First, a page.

Here's a bit of ground breaking news for you (or pretty lame news). Facebook, known for their popular social networking website and recently flurry of product and service enhancements, has made possibly the biggest change yet. With over 50 million vanity names reserved since the social networking website started allowing users to pick their own unique URL, they have now announced that the names can be used to sign in as well.
You'll still be able to login using your email, mobile phone number or through a Facebook Connect website as always, this just adds another (more convenient?) way to sign in. I guess it's good that Facebook is keeping themselves balanced. After all, it'd be awful if all they did was release new features and functionality. That would almost be too much.
Google's free desktop photo organizer added face recognition and sync with Picasa Web Albums.
The new Picasa 3.5 contains a facial recognition feature similar to the one already present on Picasa Web Albums, but letting it run over your likely vast collection of assorted photos stashed on your hard drive is a lot more convenient. Picasa creates a new sidebar menu list of "People," and asks you to name the folks it finds in its main "Scanning" menu. If you're signed into Web Albums with a Google account stuffed with contacts, that's pretty easy, actually—just start typing a name, then select the contact that pops up as you type.
You'll probably have to leave Picasa running a long time to get through everything—after 20 minutes, it's about 9 percent through with 13.8GB of photos on my laptop. As you might guess, some of the facial matching is hit and miss, but you get to approve any of the picks Picasa isn't absolutely sure of, and if someone's in your photo library who you don't want to take the time to tag, you can send them to the "Ignored People" pile. All this is in service of a better search function, so you can more easily find photos of yourself and your spouse, your spouse and her friend, or any combination of people, dates, or other search parameters.
Here's Google's video demonstration of how name tagging works in Picasa 3.5:
As noted in the video, the other additions to Picasa 3.5 are a tool to use integrated Google Maps pickers to geo-tag photos, and an option to import photos from a camera card onto Picasa Web Albums directly. Neat features, but kind of underwhelming paired with something like facial recognition, no?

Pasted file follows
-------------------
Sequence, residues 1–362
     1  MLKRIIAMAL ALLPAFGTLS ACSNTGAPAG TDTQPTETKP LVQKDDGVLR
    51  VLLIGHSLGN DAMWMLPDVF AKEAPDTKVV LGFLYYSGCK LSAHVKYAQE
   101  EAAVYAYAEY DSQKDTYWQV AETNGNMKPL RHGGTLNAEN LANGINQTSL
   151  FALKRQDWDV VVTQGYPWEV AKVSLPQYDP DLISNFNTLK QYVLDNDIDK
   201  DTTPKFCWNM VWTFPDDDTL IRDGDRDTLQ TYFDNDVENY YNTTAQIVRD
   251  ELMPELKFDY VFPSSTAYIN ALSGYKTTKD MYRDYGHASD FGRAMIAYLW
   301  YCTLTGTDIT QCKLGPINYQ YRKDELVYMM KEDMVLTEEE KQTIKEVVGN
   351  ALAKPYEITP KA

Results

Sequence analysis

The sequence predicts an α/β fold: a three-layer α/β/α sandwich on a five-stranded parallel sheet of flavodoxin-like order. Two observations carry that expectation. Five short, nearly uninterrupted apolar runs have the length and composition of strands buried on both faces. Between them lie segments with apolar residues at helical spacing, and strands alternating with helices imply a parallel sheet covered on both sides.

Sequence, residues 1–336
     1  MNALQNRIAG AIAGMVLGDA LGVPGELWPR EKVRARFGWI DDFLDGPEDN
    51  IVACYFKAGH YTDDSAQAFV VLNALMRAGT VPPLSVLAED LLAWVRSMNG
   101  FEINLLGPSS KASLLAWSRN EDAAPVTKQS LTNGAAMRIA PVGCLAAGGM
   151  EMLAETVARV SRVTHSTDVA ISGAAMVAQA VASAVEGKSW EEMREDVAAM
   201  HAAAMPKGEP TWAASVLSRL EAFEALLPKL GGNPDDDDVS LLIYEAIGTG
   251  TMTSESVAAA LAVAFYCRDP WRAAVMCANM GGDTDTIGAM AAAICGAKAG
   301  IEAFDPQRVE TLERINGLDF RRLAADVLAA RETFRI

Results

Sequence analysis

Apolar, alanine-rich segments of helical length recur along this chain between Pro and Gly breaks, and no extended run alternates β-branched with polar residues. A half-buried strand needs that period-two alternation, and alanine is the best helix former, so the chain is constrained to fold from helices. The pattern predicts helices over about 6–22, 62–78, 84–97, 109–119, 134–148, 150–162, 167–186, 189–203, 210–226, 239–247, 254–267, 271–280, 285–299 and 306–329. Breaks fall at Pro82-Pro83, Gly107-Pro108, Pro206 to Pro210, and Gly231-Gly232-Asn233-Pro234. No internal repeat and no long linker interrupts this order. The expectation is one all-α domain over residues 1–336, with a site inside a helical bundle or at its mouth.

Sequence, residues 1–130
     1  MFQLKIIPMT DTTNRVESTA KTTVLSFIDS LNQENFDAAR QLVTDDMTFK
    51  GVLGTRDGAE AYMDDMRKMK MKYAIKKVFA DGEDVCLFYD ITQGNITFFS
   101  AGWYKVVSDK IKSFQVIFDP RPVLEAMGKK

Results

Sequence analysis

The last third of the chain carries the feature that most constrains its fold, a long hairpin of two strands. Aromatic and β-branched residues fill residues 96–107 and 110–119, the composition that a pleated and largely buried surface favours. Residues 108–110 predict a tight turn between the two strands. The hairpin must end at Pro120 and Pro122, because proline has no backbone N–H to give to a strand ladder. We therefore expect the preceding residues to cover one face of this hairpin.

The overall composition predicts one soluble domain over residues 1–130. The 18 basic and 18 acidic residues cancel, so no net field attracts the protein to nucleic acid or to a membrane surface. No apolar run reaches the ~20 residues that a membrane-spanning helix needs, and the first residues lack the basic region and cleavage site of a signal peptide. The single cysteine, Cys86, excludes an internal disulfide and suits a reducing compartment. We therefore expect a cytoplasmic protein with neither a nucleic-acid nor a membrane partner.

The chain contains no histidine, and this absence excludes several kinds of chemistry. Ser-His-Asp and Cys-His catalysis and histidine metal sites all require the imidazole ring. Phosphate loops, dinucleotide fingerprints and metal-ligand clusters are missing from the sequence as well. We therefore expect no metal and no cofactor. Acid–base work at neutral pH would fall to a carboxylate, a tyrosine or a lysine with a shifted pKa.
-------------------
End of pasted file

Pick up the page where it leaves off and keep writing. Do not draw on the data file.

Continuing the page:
Read up on Picasa's name tag features, grab it at the link, and tell us how well facial recognition is working, or not, with your own photos in the comments.
Picasa 3.5, now with name tags and more [Official Google Blog]
If you're a Thunderbird user, you're probably familiar with what the open-source mail manager can already do, so here's an edited shortlist of notable new features and improvements:
New Search with Advanced Filtering Tools: Search results now include advanced filtering tools. You have the option to filter your results by sender, tag, attachments, people, folder, and mailing list. You can also filter your email using the timeline tool.
Smart Folders: The folder pane offers a Smart Folders mode which combines special mailboxes, like Inbox, from multiple accounts. Smart Folders is now on by default.
Improved Gmail Integration: Better recognition and integration of Gmail's special folders such as Sent and Trash including non-English versions of Gmail. Thunderbird also uses All Mail as the Archives folder.
Improved Gmail integration is definitely a welcome improvement
Google Sidewiki is a new browser plug-in that adds a universal commenting system to the web, allowing users to comment and read other people's comments on any page on the internet. It's not a new idea, but, well, it's Google.
Sidewiki installs alongside the Google Toolbar, so it works with both Internet Explorer and Firefox. Google also says that they're "working on making it available in Google Chrome and elsewhere too." (Hopefully they'll make it an extension for Chrome, too, rather than forcing it down user's throats.)
After you install Google Toolbar with Sidewiki and restart your browser, you'll end up on a landing page that illustrates how the tool works and encourages you to write your first entry. (Incidentally, when you comment on a page using Sidewiki, that comment will show up in your Google Profile page as well—like this.) Comments on the internet aren't exactly known for their quality (Google-owned YouTube is notorious for having some of the worst, most inane comments on the internet), but Google's aiming to address that with Sidewiki: